In the next few weeks, much must get done in Buffalo Public Schools from submitting plans for seven failing schools to getting ready for the first day of classes.
Who will oversee it all?
Superintendent James A. Williams' resignation will be effective Sept. 15, yet the majority of the School Board was ready to terminate him much sooner.
By all accounts, Williams remains in charge -- and just as reliant on his central office staff to continue to, as he so often says, "stay the course."
But the School Board is taking steps to ensure that his last few weeks on the job will put the district on a course the board deems comfortable rather than one he might be inclined to chart on his own.
Louis J. Petrucci, board president, said the board has made it clear to Williams that he is expected to show up for work for the remainder of his tenure.
"Dr. Williams will be here; it's imperative that he be here," Petrucci said.
But some board members, union leaders and others in the community worry about what could transpire in the next few weeks.
"Let's just hope while he's there, he doesn't steer the ship in the wrong direction, so we don't get irrevocably off course," said Philip Rumore, president of the Buffalo Teachers Federation.
The board is trying to ensure it does not get blindsided by any last-minute turn of events.
"Because we've made this choice as a board [to keep Williams on for a month], it's part of our responsibility now to make sure the decisions that are made now reflect the will of the board and the new superintendent going forward," Petrucci said.
The board is scheduled to appoint an interim superintendent Wednesday. Amber Dixon, executive director of project initiatives, is the presumed choice, although board members say they will review resumes from anyone interested in the position.
To ensure continuity, Petrucci says he plans to ask for Williams' signature, as well as that of the interim superintendent, on all documents from that point onward.
Board members say they hope the overlapping appointment of the interim superintendent and the remainder of Williams' tenure will provide for a smoother transition. But that also has raised some questions about who will call the shots.
Technically, Williams will remain at the helm. But board members want the interim superintendent to take a lead role.
"You can't have two bosses. Whoever's the interim would need to put a plan in place," said Mary Ruth Kapsiak, the Central District board member. "This person can really be involved in the decision-making process."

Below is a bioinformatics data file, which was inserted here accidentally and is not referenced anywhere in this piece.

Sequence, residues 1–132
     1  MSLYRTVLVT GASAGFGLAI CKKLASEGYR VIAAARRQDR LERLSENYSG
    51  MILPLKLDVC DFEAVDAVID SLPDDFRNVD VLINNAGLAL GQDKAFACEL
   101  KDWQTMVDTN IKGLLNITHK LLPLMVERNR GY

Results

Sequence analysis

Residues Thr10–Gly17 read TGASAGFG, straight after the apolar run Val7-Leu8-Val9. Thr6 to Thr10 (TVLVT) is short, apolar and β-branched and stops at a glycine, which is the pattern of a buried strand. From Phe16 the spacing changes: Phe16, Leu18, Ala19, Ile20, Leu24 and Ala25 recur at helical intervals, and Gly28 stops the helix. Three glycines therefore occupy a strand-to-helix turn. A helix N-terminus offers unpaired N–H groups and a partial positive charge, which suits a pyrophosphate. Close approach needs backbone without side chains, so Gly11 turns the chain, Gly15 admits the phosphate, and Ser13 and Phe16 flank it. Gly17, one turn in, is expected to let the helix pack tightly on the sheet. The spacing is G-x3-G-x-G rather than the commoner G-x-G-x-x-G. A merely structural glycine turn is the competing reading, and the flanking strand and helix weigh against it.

The district needs to file some papers early next month related to the application for a Choice Neighborhood grant, Petrucci said.
"We need to demonstrate to anybody working on the application that we have the current superintendent signing off on that and the interim signing off on it," he said.
By Aug. 31, the district also must give the state a set of improvement plans for seven low-performing schools. These are not the same as the federally required turnaround plans that are due for those schools by Jan. 1, but a separate requirement of the state Education Department.
In the past, board members have met with limited success in asking Williams to provide them, in advance, with copies of school turnaround plans and other important documents.
Petrucci said the board has requested the plans for the seven schools for Wednesday's meeting, a week before they are due in Albany.
"The board has asked for those to be done by Aug. 24 for the board to review them," he said.
A few board members have expressed fears that changing superintendents would destabilize the district for the opening of school in September.
Principals, however, generally say they're not worried about the superintendent's situation affecting the start of classes. For the most part, they say, neither Williams nor his central office staff is directly involved in that on the building level.
Many, though, say they hope for an indication that the district's brash, top-down management style is about to change.
Several board members have said the majority favors Dixon, who is widely liked and considered easy to work with and eager to listen.
At the building level, principals say that change of tone can't come soon enough.
"The symbolic leadership of that new regime needs to be in place to start the process of change," one principal said. "It's a daunting task. It can't be a one-person change. There has to be a collaborative effort between a consortium of educators. That one-person mentality has got to go."